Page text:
Widely considered as the greatest clay-court player of all time, Rafael Nadal has been the dominant figure on the slowest surface in the last 15 years, lifting 59 ATP titles on his beloved clay. Also, it is easy sometimes to forget how successful the Spaniard is on hard courts as well, winning 22 titles from 48 finals on the most common surface.
Nadal's first nine ATP titles in 2004 and 2005 came on clay, although he played for the first ATP title on hard court in Auckland at the beginning of 2004 when he was only 17. In the next 16 years, Rafa has fought for some of the most notable ATP events on cement, advancing into ten Major finals as one of only six players in the Open era and 19 at the Masters 1000 level, joining Roger Federer, Novak Djokovic and Andre Agassi on that feat.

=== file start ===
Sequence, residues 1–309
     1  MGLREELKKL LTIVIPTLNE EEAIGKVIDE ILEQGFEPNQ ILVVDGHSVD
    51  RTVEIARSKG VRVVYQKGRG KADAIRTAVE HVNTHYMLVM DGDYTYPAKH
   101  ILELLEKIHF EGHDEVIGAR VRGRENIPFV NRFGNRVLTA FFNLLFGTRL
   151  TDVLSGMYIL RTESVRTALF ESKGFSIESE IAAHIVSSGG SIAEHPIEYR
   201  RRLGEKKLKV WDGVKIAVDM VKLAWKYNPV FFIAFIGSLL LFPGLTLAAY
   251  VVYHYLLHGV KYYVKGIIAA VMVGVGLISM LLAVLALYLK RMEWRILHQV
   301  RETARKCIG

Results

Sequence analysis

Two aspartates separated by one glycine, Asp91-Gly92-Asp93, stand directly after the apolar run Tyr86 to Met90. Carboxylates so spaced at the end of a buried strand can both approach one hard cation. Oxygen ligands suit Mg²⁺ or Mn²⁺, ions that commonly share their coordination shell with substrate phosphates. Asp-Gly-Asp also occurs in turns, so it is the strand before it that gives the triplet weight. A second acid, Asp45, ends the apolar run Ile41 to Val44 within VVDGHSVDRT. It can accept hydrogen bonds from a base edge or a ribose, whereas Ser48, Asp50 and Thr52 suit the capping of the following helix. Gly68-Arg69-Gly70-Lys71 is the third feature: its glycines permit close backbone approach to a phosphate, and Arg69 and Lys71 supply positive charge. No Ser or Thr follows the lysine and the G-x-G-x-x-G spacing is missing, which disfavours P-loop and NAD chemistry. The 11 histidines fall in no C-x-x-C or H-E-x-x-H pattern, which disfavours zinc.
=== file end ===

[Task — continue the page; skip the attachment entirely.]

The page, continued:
Last Saturday, Nadal joined Pete Sampras on 48 ATP finals on hard court, beating five rivals to lift the trophy in Acapulco, the first since the US Open last September. Rafa lost in the final of the inaugural ATP Cup to Novak Djokovic, failing to win another team competition for Spain and switching focus on the Australian Open where he played in the final a year ago.
The Spaniard couldn't repeat that this January, suffering a tight loss to Dominic Thiem in the quarter-final and allowing Novak Djokovic to become world no. 1 again. After playing in Kuwait and South Africa, Nadal traveled to Acapulco where he lifted the third crown, the first since 2013.
Facing no rivals from the top-20, Nadal lost 25 games in ten sets, struggling a little bit only against Miomir Kecmanovic and sailing towards the title after two identical triumphs over Grigor Dimitrov and Taylor Fritz.